Honestly, this second approach was hard for me. It took weeks for me to trust that partners were actually engaging in the think-pair-share. I had a hard time letting go of control. However, the more students engaged in these conversations, the more I realized that the assignments I’d created had actually been getting in the way of meaningful discussions.

What about close reading?

I’d like to share some nuance here. The “read more, work less” approach has its limitations. There’s a time and a place for using close reading strategies during independent reading time. As readers, we all have times when we re-read a text and write annotations in the margins. We underline words or phrases that stick out to us. We stop reading for a moment to make connections in the text to other parts of the text or to reflect on how a passage relates to our lives. We nerd out on the language an author uses or we re-read a critical phrase that seems to foreshadow an important plot element. But the point is that we do this when it’s necessary.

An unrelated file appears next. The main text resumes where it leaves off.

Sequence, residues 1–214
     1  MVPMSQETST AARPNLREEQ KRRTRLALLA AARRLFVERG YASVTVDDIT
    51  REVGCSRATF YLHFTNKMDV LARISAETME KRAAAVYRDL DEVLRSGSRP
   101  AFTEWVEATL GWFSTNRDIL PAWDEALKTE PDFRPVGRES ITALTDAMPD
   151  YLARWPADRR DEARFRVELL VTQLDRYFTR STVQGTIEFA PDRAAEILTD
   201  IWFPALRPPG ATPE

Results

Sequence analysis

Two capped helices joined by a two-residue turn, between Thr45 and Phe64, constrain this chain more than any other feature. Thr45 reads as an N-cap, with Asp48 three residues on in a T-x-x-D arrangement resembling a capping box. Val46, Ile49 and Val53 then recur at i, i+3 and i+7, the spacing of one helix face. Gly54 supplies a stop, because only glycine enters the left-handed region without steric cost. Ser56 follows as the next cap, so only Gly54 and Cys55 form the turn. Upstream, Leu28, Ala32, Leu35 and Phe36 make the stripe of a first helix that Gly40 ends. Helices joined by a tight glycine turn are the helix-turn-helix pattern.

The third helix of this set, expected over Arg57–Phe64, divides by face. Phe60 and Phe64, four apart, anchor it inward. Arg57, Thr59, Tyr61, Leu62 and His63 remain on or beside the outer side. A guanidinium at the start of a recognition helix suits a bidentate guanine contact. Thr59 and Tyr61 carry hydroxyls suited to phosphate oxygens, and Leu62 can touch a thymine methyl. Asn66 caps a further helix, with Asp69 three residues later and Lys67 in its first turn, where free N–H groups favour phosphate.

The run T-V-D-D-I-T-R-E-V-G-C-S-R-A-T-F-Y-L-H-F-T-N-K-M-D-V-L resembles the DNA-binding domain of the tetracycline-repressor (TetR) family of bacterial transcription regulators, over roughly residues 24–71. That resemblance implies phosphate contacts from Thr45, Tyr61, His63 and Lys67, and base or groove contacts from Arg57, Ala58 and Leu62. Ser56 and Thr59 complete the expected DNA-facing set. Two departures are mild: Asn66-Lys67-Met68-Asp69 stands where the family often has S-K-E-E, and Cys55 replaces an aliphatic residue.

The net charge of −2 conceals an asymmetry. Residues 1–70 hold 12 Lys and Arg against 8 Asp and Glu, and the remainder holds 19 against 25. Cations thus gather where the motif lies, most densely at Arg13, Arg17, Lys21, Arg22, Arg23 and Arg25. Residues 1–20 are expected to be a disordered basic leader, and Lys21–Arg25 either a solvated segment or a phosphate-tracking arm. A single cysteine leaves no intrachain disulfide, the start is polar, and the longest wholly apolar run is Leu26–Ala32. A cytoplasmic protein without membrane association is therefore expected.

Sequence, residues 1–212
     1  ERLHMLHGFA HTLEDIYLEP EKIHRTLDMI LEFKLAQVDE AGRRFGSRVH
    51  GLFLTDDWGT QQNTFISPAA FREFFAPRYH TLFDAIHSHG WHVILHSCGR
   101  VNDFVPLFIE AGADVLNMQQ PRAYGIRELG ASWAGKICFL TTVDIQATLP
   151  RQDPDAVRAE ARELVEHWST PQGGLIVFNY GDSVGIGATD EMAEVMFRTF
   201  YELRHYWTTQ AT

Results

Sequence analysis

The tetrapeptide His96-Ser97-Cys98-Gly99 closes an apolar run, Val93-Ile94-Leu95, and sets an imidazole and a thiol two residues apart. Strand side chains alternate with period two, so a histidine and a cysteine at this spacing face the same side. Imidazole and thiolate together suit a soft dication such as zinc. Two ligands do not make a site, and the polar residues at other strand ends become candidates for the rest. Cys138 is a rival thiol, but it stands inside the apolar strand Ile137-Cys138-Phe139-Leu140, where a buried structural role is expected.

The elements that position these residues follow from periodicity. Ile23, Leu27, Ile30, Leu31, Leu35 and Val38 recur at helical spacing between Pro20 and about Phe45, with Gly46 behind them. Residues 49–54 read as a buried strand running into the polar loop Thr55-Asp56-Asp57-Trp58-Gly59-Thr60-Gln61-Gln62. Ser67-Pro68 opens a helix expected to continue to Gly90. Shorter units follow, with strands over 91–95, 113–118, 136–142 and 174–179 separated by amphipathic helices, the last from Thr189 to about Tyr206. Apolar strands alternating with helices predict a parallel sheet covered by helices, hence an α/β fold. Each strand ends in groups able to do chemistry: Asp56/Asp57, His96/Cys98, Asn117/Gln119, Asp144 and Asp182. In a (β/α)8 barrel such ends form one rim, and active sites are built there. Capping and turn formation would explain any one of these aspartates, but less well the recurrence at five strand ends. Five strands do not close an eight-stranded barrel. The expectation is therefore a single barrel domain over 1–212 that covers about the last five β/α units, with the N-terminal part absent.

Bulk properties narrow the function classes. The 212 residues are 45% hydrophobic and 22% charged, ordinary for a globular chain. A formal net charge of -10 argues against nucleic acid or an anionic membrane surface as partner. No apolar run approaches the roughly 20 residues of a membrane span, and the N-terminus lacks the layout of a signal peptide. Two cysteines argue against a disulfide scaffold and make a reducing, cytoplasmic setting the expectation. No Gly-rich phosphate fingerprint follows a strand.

The key is to help students identify when and how to use these close reading strategies. If we want students to own the reading process, they need to view close reading as a strategy rather than an assignment. It can help to teach students when a person typically chooses to close read a passage and when they choose to read for an extended, uninterrupted time. Close reading works well for dense documents and primary sources. When I taught social studies, students engaged in multiple close reading excercises with the Bill of Rights. By contrast, when they read an article from The Washington Post, they didn’t need to use the same close reading strategies. With fiction, close reading works well when there is a heavy use of figurative language or when the phrasing is more complex. My students used close reading strategies to make sense out of “The Tell-Tale Heart.” They used these strategies several times when reading Dr. King’s “I Have a Dream” speech. However, they didn’t need to use close reading for most of Maze Runner, Harry Potter, or The House on Mango Street.